Japanese input parser - Once more into the breech!

Hello all
In 2014 I was doing some highly experimental stuff with Inform 7, and was able to get it to do some pretty crazy things. I decided to put it away for a little bit, and that little bit turned into a few years.

Upon loading my old code and extensions… it seems the language has changed somewhat and my code is now broken :frowning:

In my story I have a character who only speaks and understands Japanese, and the hero of our story only understands English. The idea is that when you chat with the other character, you must write in Japanese for her to understand anything. Any command not invoked by calling her name first, goes though the parser correctly.

[code]>Take the pen

Kaori, hon o totte kudasai.

Kaori takes the book.[/code]

Now before anyone side-eyes and thinks this seems an impossible task… it was working and the Japanese parser had 56 verbs it could understand.

The parser works like this; I have an override after reading a command. It would take the player’s command and check to see if a Japanese speaker was being called to. If it was, then it would break apart the player’s command (Which was assumed to be in Japanese) and then put it back together in English and pass the result to Inform’s parser.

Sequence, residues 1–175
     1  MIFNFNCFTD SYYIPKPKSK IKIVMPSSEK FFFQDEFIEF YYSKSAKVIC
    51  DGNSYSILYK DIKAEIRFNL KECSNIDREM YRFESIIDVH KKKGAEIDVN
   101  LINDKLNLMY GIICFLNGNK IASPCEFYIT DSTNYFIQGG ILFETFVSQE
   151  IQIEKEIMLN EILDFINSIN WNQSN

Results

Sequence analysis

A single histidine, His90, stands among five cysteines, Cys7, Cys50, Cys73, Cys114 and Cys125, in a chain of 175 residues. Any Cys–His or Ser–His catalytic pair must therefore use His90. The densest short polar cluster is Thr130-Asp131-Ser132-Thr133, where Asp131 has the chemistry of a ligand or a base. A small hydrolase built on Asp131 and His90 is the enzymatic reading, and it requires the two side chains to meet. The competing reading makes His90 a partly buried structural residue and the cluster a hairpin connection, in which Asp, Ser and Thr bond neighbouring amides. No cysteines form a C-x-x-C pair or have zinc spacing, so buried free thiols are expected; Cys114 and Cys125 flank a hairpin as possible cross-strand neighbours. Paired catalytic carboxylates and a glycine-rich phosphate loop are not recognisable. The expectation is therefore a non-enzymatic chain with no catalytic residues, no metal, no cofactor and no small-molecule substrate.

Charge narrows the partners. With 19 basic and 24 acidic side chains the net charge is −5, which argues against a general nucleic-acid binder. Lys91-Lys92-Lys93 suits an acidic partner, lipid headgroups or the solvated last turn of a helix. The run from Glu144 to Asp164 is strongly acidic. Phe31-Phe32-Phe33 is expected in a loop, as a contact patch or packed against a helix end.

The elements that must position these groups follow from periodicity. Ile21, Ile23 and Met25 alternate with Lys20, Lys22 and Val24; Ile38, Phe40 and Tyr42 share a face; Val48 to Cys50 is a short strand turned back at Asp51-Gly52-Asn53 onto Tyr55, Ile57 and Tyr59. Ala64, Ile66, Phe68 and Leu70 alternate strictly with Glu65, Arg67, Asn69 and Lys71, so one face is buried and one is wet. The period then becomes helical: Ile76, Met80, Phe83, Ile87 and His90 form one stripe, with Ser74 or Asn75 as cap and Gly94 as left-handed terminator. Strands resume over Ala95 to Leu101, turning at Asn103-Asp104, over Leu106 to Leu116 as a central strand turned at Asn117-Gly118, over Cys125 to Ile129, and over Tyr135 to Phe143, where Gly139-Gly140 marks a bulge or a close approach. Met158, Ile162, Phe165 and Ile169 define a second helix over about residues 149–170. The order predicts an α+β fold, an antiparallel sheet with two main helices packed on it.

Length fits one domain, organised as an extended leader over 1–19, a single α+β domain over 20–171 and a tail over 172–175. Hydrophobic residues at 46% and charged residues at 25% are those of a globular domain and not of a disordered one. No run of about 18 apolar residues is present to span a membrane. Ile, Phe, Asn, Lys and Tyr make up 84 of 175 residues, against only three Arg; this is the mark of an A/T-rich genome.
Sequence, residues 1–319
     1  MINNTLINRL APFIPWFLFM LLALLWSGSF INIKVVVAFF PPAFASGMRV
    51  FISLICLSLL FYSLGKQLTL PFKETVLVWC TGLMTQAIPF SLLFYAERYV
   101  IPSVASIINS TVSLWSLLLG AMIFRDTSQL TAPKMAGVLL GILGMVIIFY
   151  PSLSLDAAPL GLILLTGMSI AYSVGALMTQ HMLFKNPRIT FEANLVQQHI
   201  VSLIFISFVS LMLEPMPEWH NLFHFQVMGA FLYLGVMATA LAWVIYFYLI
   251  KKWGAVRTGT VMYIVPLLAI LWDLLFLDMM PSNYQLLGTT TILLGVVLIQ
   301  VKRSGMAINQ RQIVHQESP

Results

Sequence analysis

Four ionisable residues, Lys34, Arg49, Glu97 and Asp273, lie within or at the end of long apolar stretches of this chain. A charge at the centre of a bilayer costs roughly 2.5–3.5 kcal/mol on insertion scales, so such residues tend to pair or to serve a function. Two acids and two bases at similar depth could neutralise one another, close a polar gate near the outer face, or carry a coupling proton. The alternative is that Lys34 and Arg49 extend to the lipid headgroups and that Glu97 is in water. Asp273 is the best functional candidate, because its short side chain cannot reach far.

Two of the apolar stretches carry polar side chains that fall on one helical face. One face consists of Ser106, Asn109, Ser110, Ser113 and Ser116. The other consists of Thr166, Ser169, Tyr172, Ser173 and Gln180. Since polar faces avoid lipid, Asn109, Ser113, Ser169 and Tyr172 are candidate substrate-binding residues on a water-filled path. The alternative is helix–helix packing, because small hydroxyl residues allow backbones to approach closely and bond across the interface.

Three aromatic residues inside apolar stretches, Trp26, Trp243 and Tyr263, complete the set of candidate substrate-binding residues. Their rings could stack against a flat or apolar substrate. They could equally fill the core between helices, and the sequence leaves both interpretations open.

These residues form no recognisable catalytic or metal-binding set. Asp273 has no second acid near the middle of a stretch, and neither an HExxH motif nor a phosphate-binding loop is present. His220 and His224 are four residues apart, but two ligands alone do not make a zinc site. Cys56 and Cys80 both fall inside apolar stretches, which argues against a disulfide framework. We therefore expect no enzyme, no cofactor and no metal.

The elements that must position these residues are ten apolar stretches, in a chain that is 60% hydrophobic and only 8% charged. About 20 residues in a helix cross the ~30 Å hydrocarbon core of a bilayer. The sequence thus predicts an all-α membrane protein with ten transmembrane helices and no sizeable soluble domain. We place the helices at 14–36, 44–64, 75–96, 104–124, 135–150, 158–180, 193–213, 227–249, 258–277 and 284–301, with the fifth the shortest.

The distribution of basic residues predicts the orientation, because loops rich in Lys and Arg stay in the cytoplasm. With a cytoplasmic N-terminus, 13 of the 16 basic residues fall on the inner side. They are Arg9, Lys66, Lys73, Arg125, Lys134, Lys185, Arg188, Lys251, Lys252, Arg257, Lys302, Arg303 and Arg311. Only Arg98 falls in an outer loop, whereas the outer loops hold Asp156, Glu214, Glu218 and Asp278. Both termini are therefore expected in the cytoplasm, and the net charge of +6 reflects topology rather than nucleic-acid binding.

Sadly, it now seems that monkeying with the player’s command causes it to be deleted. I have the fist part of the parser below with some debug lines in there.

A Japanese name is some indexed text that varies.
An english name is some indexed text that varies.
Japanese output is some indexed text that varies.

Table 1.0 - Names
 ename (indexed text)	jname (indexed text)
"kaori,"	 "香"

[Block Inform's parser. Start the Japanese parser]
after reading a command:
	say "The player's command -> [the player's command][line break]";
	[Clear variables used in the parser and sanitize]
	Now Japanese output is "";
	Let the player's command be the player's command in lower case;
	say "The player's command -> [the player's command][line break]";
	now the english name is the unpunctuated word number 1 in player's command;
	if there is no jname corresponding to ename of english name in the table of names:
		[if kaori's name isn't said, kick the input back to Inform's parser]
		change the text of the player's command to player's command;
		[Japanese parser goes here]

That should be enough that you can see at least the first part function.

However, it seems the command “Let the player’s command be the player’s command in lower case;” obliterates the players command and nothing is returned to the normal parser.

>take pen
The player's command -> take pen
The player's command -> 
I didn't understand that sentence.

Can you alter the player’s command anymore? That would make me sad if that’s true.

The syntax for altering the player’s command is

change the text of the player's command to "[player's command in lower case]"

See §18.33 of Writing with Inform. This is one of very few cases where you still write “change… to…”; just about every other case is now “now… is…”.